Day 7 (June 22, 2010)
The streets of Cameroon are an interesting thing. I’ve already discussed their hectic nature in an earlier post. What I haven’t added is that there aren’t any stop lights in Buea, and many don’t have street lights either. It doesn’t disturb the residents of course, but it has bothered me on more than one occasion. On both sides of the street are these deep channels where the constant rain can flow. Because there are practically no trash cans in Buea (the City Council does a terrible job), many trash is simply thrown in the canals and allowed to wash down to wherever they finally dump out, presumably far enough away from Buea that the residents shouldn’t be affected by it. This is part of Adam’s research and he seems extremely bothered by the trash handling in Buea and has also pointed out multiple times that the canals do not in fact lead that far away from Buea and that it’s actually going to be responsible for health hazards soon. It’s shameful to see so much trash on the streets but there really isn’t much that can be done—I literally walked around with some trash for an hour waiting to find a place to throw it away before conceding and tossing it in myself. Even when one does find a trash can (which has only happened once), no one is sure what many of the people are actually doing with it afterwards.
Today was a pretty exciting day. Streets in Buea are lined with tiny road stalls and shops literally every 2-3 feet. Mostly they sell food, cell phones, cell phone credit that can be used to make calls, or the ability to use their phone to make phone calls on the cheap. In fact, the people that sell the cell phone and the cell phone credit probably outnumber any group in Buea save perhaps for the taxi drivers. They all sit in front of large podiums, typically with an umbrella above it, and wait for people to come up to them.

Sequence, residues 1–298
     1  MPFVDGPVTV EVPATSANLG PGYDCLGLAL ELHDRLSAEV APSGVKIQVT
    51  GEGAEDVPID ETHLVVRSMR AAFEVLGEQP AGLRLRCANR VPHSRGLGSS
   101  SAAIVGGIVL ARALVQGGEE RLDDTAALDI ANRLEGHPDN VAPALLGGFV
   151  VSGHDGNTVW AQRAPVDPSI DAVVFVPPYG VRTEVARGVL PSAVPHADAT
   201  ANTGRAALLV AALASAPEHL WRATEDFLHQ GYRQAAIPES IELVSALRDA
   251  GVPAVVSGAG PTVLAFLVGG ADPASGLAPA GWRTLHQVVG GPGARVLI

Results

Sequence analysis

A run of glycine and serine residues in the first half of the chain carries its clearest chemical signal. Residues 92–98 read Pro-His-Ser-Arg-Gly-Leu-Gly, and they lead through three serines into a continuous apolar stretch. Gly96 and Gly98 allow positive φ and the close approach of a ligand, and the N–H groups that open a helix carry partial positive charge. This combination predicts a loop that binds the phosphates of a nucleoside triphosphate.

Typically the food stalls sell either beef, fish, or corn. Though these are all very tasty (actually the corn isn’t that tasty from the one that I’ve tasted), especially the beef, I had begun to grow a little tired of constantly eating beef, bread, and bananas (these were quite common too). Also, none of this really felt, Cameroonian…I wanted something that was a little more traditional. I told Levi about my feelings and so he took me to a restaurant (my first actual restaurant in Cameroon) and we had guacoco and mbanga soup—delicious. As in many things in Cameroon, it was spicy but not excessively so. Essentially it’s a soup with some type of fish inside served with some type of vegetable (I wasn’t familiar with the name, it’s probably grown only in Africa) that was mashed into a long rod. The texture was kind of like that of rice noodles (or whatever the flat disk-like noodles are that is often served at Thai restaurants).
Later I also asked him if he would take me to a tailor to get myself measured for some clothing that was traditionally African. We picked it out and I’m pretty excited but I don’t get it until tomorrow evening.
A particular shop across from Genesis house is one that I frequent often, mostly because of its proximity. I like the family there, though they did try (successfully) to overcharge me for some banana’s when I first got here. Yesterday night when I came and asked for eggs (I usually get random stuff, to the family’s amusement), the boy working there made an odd grin and asked me rather flatly,
“What’s your name?”
“Brandon,” I replied, waiting a bit. He continued to smile at me, as if there was something comical about me and my name.
“…what’s your name?”
“Ah ok. Great!” I gave him the thumbs up at this point, which made me feel a little ridiculous because I’ve been doing this to everyone here to express happiness. I’m not sure what else to do though…I figured it was universal enough to convey my emotion, because I did feel pretty happy that he had asked for my name, even if our conversation didn’t exactly grow much after that.